Username string `json:"username" xml:"username,attr,cdata"`
		Password string `json:"password" xml:"password,attr,cdata"`
	} `json:"credentials" xml:"credentials,attr,cdata"`
}

To remove multiple options from multiple tags just add another options:

$ gomodifytags -file demo.go -struct Server -remove-options json=omitempty,xml=cdata
package main

type Server struct {
	Name        string `json:"name" xml:"name,attr"`
	Port        int    `json:"port" xml:"port,attr"`
	EnableLogs  bool   `json:"enable_logs" xml:"enable_logs,attr"`
	BaseDomain  string `json:"base_domain" xml:"base_domain,attr"`
	Credentials struct {
		Username string `json:"username" xml:"username,attr"`
		Password string `json:"password" xml:"password,attr"`
	} `json:"credentials" xml:"credentials,attr"`
}

Lastly, to remove all options without explicitly defining the keys and names,
we can use the -clear-options flag. The following example will remove all
options for the given struct:

$ gomodifytags -file demo.go -struct Server -clear-options
package main

type Server struct {
	Name        string `json:"name" xml:"name"`
	Port        int    `json:"port" xml:"port"`
	EnableLogs  bool   `json:"enable_logs" xml:"enable_logs"`
	BaseDomain  string `json:"base_domain" xml:"base_domain"`
	Credentials struct {
		Username string `json:"username" xml:"username"`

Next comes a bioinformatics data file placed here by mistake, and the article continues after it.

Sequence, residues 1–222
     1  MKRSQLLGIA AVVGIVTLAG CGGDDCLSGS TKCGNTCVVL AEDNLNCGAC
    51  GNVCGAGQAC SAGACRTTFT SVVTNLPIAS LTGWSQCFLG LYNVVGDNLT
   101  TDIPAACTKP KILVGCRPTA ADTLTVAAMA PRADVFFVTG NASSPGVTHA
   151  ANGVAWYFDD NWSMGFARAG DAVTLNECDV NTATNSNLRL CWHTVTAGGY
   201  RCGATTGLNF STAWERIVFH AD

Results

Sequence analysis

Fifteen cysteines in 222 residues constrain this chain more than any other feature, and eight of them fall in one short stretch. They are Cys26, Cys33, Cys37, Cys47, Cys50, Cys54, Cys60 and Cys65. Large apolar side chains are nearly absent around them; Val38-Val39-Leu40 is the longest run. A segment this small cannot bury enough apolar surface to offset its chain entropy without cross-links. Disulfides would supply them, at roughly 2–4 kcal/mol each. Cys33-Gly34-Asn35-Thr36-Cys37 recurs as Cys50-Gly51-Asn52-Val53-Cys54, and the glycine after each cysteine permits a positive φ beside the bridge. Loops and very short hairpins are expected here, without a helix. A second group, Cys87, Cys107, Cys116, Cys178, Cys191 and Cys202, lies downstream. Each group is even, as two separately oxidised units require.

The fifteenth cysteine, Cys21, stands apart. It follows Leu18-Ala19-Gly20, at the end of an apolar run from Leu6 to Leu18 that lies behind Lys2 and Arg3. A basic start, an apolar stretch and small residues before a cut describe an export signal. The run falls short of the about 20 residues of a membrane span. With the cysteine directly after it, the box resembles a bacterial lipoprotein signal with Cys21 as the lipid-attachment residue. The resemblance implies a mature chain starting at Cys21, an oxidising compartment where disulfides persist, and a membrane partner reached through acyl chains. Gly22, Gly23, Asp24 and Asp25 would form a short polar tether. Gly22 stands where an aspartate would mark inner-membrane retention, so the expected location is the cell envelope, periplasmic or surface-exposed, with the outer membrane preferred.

Password string `json:"password" xml:"password"`
	} `json:"credentials" xml:"credentials"`
}

Line based modification

So far all examples used the -struct flag. However we also can pass the line
numbers to only change certain files. Suppose we only want to remove the tags
for the Credentials struct (including the fields) for the following code (lines are included):

01  package main
02  
03  type Server struct {
04  	Name        string `json:"name" xml:"name"`
05  	Port        int    `json:"port" xml:"port"`
06  	EnableLogs  bool   `json:"enable_logs" xml:"enable_logs"`
07  	BaseDomain  string `json:"base_domain" xml:"base_domain"`
08  	Credentials struct {
09  		Username string `json:"username" xml:"username"`
10  		Password string `json:"password" xml:"password"`
11  	} `json:"credentials" xml:"credentials"`
12  }

To remove the tags for the credentials we're going to pass the -line flag:

$ gomodifytags -file demo.go -line 8,11 -clear-tags xml
package main

type Server struct {
	Name        string `json:"name" xml:"name"`
	Port        int    `json:"port" xml:"port"`
	EnableLogs  bool   `json:"enable_logs" xml:"enable_logs"`
	BaseDomain  string `json:"base_domain" xml:"base_domain"`
	Credentials struct {
		Username string
		Password string
	}
}

For removing the xml tags for certain lines, we can use the -remove-tags
field. The following example will remove the xml tags for the lines 6 and 7
(fields with names of EnableLogs and BaseDomain):

$ gomodifytags -file demo.go -line 6,7 -remove-tags xml
package main

type Server struct {
	Name        string `json:"name" xml:"name"`
	Port        int    `json:"port" xml:"port"`
	EnableLogs  bool   `json:"enable_logs"`
	BaseDomain  string `json:"base_domain"`
	Credentials struct {
		Username string `json:"username" xml:"username"`
		Password string `json:"password" xml:"password"`
	} `json:"credentials" xml:"credentials"`
}

The same logic applies to adding tags or any other option as well. To add the
bson tag to the lines between 5 and 7, we can use the following example: